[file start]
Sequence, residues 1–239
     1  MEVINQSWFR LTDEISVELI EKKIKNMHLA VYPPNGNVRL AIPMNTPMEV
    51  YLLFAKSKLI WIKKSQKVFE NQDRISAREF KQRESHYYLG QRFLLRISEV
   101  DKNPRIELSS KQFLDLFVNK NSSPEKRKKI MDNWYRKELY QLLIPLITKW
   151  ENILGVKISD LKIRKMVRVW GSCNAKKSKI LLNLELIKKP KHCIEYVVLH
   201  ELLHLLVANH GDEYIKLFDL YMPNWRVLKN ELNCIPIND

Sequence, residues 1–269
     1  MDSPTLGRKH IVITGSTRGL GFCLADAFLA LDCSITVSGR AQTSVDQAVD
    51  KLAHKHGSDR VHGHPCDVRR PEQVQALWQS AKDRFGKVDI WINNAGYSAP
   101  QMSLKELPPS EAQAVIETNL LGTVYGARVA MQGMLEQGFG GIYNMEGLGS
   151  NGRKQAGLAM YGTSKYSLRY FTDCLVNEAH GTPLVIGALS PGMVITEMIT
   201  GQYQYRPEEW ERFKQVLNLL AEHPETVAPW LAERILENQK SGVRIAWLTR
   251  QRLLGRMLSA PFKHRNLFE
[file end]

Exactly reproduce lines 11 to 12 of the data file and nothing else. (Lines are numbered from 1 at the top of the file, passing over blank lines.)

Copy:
   151  NGRKQAGLAM YGTSKYSLRY FTDCLVNEAH GTPLVIGALS PGMVITEMIT
   201  GQYQYRPEEW ERFKQVLNLL AEHPETVAPW LAERILENQK SGVRIAWLTR